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3 Yankees position battles that could result in trades before 2022 season

BUFFALO, NEW YORK - SEPTEMBER 07: Aaron Hicks #31 of the New York Yankees and teammate Luke Voit #59 celebrate after Voit hit a one run home run during the first inning against the Toronto Blue Jays at Sahlen Field on September 07, 2020 in Buffalo, New York. The Blue Jays are the home team and are playing their home games in Buffalo due to the Canadian government’s policy on coronavirus (COVID-19). (Photo by Bryan M. Bennett/Getty Images)
BUFFALO, NEW YORK - SEPTEMBER 07: Aaron Hicks #31 of the New York Yankees and teammate Luke Voit #59 celebrate after Voit hit a one run home run during the first inning against the Toronto Blue Jays at Sahlen Field on September 07, 2020 in Buffalo, New York. The Blue Jays are the home team and are playing their home games in Buffalo due to the Canadian government’s policy on coronavirus (COVID-19). (Photo by Bryan M. Bennett/Getty Images) /
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Aroldis Chapman #54 of the New York Yankees (Photo by Rob Carr/Getty Images)
Aroldis Chapman #54 of the New York Yankees (Photo by Rob Carr/Getty Images) /

1. Aroldis Chapman vs Jonathan Loaisiga

Plenty of teams looking to leap into contention need a closer, and the Yankees have two — at least, if we’re to assume Jonathan Loaisiga’s breakout 2021 is here to stay. If New York believes the young right-hander is suited for the ninth inning, then why bother holding onto Aroldis Chapman, who’s set to make $16 million in the final year of his deal?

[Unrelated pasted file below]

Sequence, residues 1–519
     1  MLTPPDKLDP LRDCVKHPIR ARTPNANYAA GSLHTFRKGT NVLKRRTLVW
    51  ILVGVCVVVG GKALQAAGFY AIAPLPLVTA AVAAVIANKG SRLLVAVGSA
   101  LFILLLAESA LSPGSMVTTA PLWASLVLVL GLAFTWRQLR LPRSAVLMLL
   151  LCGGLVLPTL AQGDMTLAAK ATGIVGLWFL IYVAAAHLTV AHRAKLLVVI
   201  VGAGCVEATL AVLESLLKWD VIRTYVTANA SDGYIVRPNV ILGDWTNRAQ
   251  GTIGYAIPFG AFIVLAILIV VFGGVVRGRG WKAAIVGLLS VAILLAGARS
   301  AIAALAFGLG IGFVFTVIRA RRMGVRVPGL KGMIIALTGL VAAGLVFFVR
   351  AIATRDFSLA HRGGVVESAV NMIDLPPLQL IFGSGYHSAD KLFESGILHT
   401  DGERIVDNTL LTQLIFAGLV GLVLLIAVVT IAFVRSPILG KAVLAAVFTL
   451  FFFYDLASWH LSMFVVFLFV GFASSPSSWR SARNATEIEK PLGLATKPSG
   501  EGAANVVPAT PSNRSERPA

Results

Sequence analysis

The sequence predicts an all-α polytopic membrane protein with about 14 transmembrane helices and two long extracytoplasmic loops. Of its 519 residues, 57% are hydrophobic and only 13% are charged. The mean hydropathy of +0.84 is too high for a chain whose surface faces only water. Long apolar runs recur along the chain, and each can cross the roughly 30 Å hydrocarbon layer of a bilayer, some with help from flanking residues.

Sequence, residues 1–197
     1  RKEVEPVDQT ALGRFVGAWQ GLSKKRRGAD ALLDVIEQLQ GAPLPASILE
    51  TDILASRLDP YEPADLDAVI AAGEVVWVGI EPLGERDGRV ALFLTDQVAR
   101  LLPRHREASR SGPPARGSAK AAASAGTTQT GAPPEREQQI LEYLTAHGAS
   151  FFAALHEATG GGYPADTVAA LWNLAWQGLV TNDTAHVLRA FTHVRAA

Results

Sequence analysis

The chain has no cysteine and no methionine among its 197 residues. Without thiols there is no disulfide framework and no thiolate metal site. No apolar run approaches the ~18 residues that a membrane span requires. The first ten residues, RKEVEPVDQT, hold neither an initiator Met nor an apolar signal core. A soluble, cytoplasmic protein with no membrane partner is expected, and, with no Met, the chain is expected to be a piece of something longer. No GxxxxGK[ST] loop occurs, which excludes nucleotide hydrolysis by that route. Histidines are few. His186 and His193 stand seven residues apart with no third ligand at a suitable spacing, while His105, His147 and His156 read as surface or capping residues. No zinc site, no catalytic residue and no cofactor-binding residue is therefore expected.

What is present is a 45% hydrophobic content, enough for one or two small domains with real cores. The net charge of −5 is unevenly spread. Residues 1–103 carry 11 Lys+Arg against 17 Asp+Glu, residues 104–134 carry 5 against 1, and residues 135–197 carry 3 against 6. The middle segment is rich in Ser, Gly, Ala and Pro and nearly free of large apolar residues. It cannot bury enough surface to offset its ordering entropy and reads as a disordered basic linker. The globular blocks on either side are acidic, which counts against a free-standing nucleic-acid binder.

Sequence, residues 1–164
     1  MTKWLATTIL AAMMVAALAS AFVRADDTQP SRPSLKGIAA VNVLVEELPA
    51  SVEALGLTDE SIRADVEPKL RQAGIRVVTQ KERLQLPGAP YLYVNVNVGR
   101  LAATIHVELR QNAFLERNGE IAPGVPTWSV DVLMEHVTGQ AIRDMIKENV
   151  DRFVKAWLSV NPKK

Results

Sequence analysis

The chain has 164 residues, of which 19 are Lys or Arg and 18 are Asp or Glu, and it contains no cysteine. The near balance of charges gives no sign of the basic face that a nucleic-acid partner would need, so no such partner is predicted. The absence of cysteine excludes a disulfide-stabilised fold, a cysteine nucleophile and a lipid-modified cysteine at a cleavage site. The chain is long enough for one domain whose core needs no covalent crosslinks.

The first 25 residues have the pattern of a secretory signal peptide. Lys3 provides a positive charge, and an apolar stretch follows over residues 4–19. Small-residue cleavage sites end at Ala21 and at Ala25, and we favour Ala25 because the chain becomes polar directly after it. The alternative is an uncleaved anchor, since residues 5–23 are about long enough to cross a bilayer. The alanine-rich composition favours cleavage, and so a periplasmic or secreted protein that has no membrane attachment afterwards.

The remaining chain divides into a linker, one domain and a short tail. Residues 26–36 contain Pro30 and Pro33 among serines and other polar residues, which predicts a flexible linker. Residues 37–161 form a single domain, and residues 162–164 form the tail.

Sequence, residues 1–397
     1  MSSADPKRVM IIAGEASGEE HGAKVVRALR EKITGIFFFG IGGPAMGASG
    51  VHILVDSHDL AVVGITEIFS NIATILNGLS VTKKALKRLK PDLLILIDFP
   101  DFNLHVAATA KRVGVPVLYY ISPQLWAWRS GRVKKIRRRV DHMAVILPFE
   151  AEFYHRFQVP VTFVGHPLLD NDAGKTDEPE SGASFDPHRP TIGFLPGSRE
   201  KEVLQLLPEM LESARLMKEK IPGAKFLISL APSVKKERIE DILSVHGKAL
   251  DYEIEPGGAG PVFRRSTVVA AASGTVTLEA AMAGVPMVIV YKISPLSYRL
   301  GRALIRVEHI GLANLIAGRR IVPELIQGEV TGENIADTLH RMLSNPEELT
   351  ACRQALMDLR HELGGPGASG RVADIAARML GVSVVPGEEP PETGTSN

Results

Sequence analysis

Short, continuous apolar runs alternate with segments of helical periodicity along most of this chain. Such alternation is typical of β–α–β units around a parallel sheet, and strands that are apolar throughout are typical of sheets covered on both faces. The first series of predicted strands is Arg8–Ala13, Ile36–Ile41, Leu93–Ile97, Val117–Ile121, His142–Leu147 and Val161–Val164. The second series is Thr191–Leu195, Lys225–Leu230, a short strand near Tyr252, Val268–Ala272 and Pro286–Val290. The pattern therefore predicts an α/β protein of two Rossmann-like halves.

There is one problem, though. The genius Yankees front office, AFTER Chapman smiled on the mound as he watched Jose Altuve trot the bases in that humiliating ALCS Game 6, decided to extend the veteran AND give him a full no-trade clause. Beyond anyone’s comprehension.

Chapman would have to approve of any trade, which complicates things, but perhaps a fresh start on another contender would appeal to the left-hander, who’s largely been great as a Yankee but has failed to deliver any signature moments (and potentially reversed a few, in fact).

This all obviously hinges on Loaisiga looking good this spring. Injuries happen, especially with pitchers, so the Yankees need to be absolutely sure he’s atop his game to take over the closer role. Maybe it will allow the Yankees to get all of Chapman’s $16 million off the books. At the very least, maybe they eat $4 million of that and send him packing, freeing up $12 million under the CBT.

Chapman’s last two seasons (74 total games) have arguably been the worst of his career (even though he’s still been really good as far as closers go). But it’s just not enough. The highs aren’t nearly high enough to justify the back-breaking lows that leave you searching for reasons why you stay up past 11 p.m. to watch what should’ve been an easy win get blown in spectacular fashion.

The Yankees can get similar production at a cheaper price. Aren’t they trying to imitate the Rays? Isn’t this all part of the plan? Cashman can figure out a way to add two more capable late-inning relievers to this bullpen by trading spare parts. If there’s a window to trade Chapman, it needs to be thoroughly explored. Time to move on with the next era of Yankees baseball.